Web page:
In partnership with BMW.
You might not have driven an electric car just yet, but in the not-so-distant future – we’re talking potentially within the next ten-or-so years – they will likely be the only kind of car the big manufacturers are making.
By 2030, many car companies have claimed most of their sales will come from electric vehicles (EVs), with only a tiny, if any, percentage coming from combustion engines.
One company working towards a fully electric future is BMW, which is focused on making EVs and, importantly, making the whole production process more sustainable.
When it comes to putting a time frame on when electric vehicles will outnumber combustion engines, Leanne Blanckenberg, General Manager of Corporate Communications at BMW Group Australia says, “Although it is difficult to put a time on it, the future looks bright for the prevalence of electric vehicles on Australian roads based on recent figures and trends.”
Blanckenberg continues, “To the end of August, sales of both battery-electric and hybrid vehicles were up 172 per cent compared with the same period last year. BMW Group has also seen a steady increase. Registrations of battery-electric and plug-in hybrid BMW and MINI models saw a 216 per cent year-to-date increase to the end of August 2021. We can only see those numbers increasing as the regulatory environment improves and evolves and we move forward with our aggressive electric product strategy.”
They share that by the end of Q1, 2022, BMW will have three new EVs on sale: the iX3, iX and i4.
“At that time we will have 10 electrified models across the BMW and MINI portfolios on offer – that’s among the most of any manufacturer represented in Australia and underlines our commitment to the local market,” she tells us.
Blanckenberg describes the benefits of driving an EV as “vast and across the board”, explaining it’s not simply the zero emissions from EVs or the significantly reduced emissions and low fuel consumption of a plug-in hybrid.
“The instant torque provides an exhilarating and dynamic driving sensation, while the removal of an engine and all its moving parts adds to the feeling of refinement, smoothness and a hint at what the future looks like,” she says.
“Recuperation built into electric cars, whereby the electric motor becomes a generator and returns energy to the EV battery, additionally adds to the experience by allowing you to drive in many situations with just the accelerator pedal while allowing the car to brake itself via recuperation.
“Other benefits, particularly on next-generation electric cars that are either on sale now or due for imminent launch, means additional space in the cabin due to the absence of a transmission tunnel in the centre of the vehicle. This provides an airy, futuristic feel to the interior while providing additional accommodation for occupants.”
Importantly, the distance an EV can travel on a full charge is also improving “all the time”, according to Blanckenberg.
“The capability of electric vehicles is now at a level that enables drivers to go well beyond the city limits. For example, our BMW iX3, which launches before the end of the year, delivers 460km on the WLTP [Worldwide Harmonized Light Vehicles Test Procedure] cycle.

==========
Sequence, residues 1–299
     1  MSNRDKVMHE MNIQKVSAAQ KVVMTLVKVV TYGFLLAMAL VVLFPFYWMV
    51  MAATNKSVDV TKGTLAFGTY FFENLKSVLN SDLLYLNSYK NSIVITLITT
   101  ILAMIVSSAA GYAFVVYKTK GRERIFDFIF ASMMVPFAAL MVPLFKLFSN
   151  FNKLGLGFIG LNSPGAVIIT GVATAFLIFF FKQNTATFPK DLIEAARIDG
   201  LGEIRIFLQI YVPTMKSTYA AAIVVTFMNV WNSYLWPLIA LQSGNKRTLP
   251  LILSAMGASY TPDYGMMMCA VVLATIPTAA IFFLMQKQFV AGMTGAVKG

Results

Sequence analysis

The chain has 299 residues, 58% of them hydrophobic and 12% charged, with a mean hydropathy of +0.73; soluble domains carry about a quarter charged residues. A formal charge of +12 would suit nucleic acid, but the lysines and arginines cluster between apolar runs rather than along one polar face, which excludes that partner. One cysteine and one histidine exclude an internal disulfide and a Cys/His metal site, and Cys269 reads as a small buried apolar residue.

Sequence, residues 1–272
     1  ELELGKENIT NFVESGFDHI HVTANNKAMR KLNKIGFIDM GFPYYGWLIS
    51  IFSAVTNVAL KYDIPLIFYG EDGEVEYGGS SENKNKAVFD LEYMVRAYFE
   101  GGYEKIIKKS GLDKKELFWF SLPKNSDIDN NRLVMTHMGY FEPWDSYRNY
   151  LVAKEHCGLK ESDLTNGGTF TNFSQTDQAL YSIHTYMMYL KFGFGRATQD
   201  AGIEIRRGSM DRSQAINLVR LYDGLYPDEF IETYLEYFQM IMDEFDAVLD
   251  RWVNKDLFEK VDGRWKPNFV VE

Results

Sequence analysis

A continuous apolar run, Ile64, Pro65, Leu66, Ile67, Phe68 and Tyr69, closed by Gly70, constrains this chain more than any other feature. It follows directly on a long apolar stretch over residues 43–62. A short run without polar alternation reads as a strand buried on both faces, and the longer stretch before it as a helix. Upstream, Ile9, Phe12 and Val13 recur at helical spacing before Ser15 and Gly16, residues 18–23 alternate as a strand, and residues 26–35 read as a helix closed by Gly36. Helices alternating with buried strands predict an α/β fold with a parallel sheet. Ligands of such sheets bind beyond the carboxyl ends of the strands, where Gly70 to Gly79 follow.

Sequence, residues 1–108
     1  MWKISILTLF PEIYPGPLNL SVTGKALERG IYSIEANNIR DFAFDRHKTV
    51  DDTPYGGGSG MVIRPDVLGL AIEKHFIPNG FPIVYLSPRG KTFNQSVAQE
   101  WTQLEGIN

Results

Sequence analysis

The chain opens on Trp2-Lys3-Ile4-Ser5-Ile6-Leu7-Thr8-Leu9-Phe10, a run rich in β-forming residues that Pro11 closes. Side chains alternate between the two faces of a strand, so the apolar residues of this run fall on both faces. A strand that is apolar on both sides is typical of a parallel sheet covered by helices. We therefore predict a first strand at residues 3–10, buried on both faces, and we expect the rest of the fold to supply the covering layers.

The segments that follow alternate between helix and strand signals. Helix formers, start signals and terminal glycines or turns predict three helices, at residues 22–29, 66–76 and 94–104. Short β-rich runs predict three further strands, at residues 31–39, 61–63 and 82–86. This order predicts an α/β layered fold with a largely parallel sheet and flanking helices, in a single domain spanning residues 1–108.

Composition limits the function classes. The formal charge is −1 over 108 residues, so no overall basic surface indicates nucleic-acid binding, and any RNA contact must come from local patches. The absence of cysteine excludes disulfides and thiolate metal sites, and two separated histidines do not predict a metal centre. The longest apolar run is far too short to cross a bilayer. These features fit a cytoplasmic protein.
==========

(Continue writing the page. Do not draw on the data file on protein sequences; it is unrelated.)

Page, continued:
“The flagship version of the iX – which will also launch at the same time – will be capable of 620km of driving range. The situation will continue to improve too. BMW Group, for example, will continue pushing the boundaries of all aspects of electric driving. This applies, in particular, to further increasing ranges and higher charging speeds depending on the individual model.”
As for combustion engines, Blanckenberg says they will play an important role in bridging the complete transition to electromobility in the future.
“For example, combustion engines are a critical element in our BMW and MINI plug-in hybrid vehicles by working in unison with electric motors and lithium-ion batteries,” she says. “We see these vehicles, some of which can offer more than 80km of fully electric range, as a transitional technology that can provide a peek at what electromobility can offer while offering the support of a combustion engine in a world where EV charging infrastructure is still getting off the ground.
“Outside plug-in hybrids, combustion engines are still an important part of our strategy across our portfolios for now. We have constantly improved our offering in this area by delivering greater efficiency and lower emissions while maintaining a high level of engaging high-performance attributes that are hallmarks of the BMW brand.”
However, for EVs to become more affordable here in Australia, Blanckenberg believes we need improved regulations and policies by our government, similar to countries such as Norway, where there is considerable government support of EVs. This support has led to EVs representing almost 75 per cent of the total vehicle market in 2020.
In Australia, the different states and territories all have their own strategy to increase EV sales. For example, from September 2021, the New South Wales government removed stamp duty from EVs under $78,000 and from all other EVs and plug-in hybrids from 1 July 2027, or when EVs make up at least 30 per cent of new car sales.
In South Australia, the government offers a $3,000 subsidy for residents purchasing a new EV to help take-up of zero to low emission vehicles.
Over the next two years, both Western Australia and Queensland plan for rapid expansion of the charging network, including electric superhighways, which will undoubtedly please Australian consumers who have reservations about the current lack of accessibility to charging ports.